Part 2: 4 Powerful Reward Strategies For Gamifying Mobile Apps

This is part 2/3 in the Buzinga crash course Gamification: How To Gamify Your App For Powerful User Engagement.

 Part 1 – Gamification: Why You’re Probably Doing It Wrong

 Part 3 – 5 Important Approaches For Gamifying Mobile Apps

In part 1, I spoke with you about the concept of gamification. That is, the use of game concepts in non-game situations.

I often find it strange that most gamification systems don’t embrace all the different ‘reward types’ a game has to offer.

So, today in part 2, I’m going to share with you the rewards and punishments used in gamification systems to encourage the outcomes you want.


4 Powerful Mobile App Gamification Reward Strategies to Remember

It’s vital that you first understand the concept of positive and negative rewards/punishments.

A positive is where something’s introduced to the gamification system.

On the flip-side, a negative is where something’s taken away.

Most people only associate reward systems with positive reward systems with just positive points.

But, if you combine all 4 reward types, you can create powerful systems that encourage people to use your app over and over again.

Positive Rewards

gamificationSource: Inspire Energy

This concept is a classic in gamification systems.

If you complete the intended action then you receive a reward.

It’s the same as training your dog. If your dog sits when its asked, it gets a treat.

The problem with focusing primarily on positive rewards is users tire of them very quickly.

Negative Rewards

gamificationSource: About Psychology

When used correctly, negative rewards can be far more effective in keeping your users engaged.

A negative reward is when you complete an encouraged task and have an unpleasant factor removed.

This is the underlying idea behind alarms and similar audio alerts. To put this into perspective for you, consider your fridge…

What happens when you leave the fridge door open for a prolonged period of time?

Your fridge starts ‘beeping’ until you close the door. If you think about it, this extremely annoying noise encouraged your behavior with a negative reward.

In regards to a mobile app, a common negative reward is the ‘pay to remove ads.’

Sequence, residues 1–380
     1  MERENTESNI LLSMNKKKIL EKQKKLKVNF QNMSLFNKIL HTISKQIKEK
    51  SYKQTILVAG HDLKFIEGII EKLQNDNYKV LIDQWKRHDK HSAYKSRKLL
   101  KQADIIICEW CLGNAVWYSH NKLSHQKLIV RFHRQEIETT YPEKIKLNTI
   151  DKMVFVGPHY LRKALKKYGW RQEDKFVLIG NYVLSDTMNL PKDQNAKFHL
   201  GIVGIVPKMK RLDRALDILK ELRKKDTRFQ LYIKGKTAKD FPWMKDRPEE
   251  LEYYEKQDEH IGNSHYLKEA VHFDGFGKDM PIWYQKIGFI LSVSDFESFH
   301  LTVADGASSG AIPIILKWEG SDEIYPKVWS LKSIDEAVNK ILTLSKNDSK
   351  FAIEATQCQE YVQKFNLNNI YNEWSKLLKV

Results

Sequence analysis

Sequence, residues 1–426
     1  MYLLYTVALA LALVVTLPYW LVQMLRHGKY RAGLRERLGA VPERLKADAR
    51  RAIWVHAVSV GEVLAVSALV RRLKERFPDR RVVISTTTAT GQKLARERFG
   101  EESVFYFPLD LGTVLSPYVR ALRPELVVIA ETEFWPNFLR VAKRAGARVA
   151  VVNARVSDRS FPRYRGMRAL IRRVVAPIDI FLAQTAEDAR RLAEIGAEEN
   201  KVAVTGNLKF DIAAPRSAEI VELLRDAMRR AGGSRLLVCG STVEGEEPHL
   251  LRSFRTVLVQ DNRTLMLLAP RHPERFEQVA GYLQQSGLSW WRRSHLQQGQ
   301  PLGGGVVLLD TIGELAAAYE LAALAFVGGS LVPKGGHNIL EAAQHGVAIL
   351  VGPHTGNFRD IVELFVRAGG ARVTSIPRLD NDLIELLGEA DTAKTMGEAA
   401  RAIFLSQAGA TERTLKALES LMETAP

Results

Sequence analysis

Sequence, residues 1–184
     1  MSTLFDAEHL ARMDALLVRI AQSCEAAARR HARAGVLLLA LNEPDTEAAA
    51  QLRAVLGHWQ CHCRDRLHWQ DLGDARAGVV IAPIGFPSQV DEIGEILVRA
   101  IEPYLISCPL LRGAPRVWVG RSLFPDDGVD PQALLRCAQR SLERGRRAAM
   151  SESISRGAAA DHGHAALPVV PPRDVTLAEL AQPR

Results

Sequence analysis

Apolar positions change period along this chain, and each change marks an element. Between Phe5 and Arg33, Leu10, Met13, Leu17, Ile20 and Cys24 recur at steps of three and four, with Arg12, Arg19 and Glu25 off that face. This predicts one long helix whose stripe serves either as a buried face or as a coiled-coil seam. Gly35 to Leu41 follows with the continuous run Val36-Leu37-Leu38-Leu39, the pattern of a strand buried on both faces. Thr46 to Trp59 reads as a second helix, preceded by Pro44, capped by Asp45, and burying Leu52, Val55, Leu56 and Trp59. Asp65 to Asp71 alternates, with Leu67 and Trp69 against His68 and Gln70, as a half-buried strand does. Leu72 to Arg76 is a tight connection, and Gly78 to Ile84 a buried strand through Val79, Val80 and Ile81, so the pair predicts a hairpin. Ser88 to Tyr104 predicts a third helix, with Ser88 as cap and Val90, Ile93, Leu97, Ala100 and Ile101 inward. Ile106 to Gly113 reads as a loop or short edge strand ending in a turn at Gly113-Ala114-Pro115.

Positive Punishments

gamificationSource: Organise Re-Purpose

Punishments are the introduction of something unpleasant or the removal of something pleasant.

A positive punishment is where an unpleasant factor’s introduced. These are commonly used in games and should be used with great care in non-game systems.

Why? Because it can quickly lead to users quitting your app altogether.

In the majority of cases, positive punishments aren’t needed in gamification systems unless, there’s a certain action you want to discourage.

But, when you think about it, why would you put in a feature you don’t want anyone to use? Sounds silly, doesn’t it…?

Negative Punishments

gamificationSource: wikiHOW

These can be very useful but only when used in moderation.

The threat of negative punishments can motivate us to complete actions that we may have not otherwise done without the encouragement.

Consider those ‘for a limited time’ sales you see at various retailers throughout the year. “Act now before the price goes up” and when things such as loyalty cards expire.

If we don’t act soon, they get taken away.


So now you can see that gamification isn’t just about giving rewards for actions.

Instead, you should be using different types of rewards/punishments in combination to encourage users to take specific actions (Use an app, pay for an app etc)

Next week, I shall look into when and how you should be introducing these rewards.

These will then be tied together with player types and positive/negative rewards and punishments.

Continue the crash course…

Part 1 – Gamification: Why You’re Probably Doing It Wrong

Part 3 – 5 Important Approaches For Gamifying Mobile Apps

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Ben constructs innovative UX designs for mobile apps that create a dynamic unique experience for each user, driving fast engagement and long-term retention. With years of experience in the mobile industry, and a Bachelor of Games Development (Design) at QANTM, his designs are entertaining, robust and deliver bottom-line results.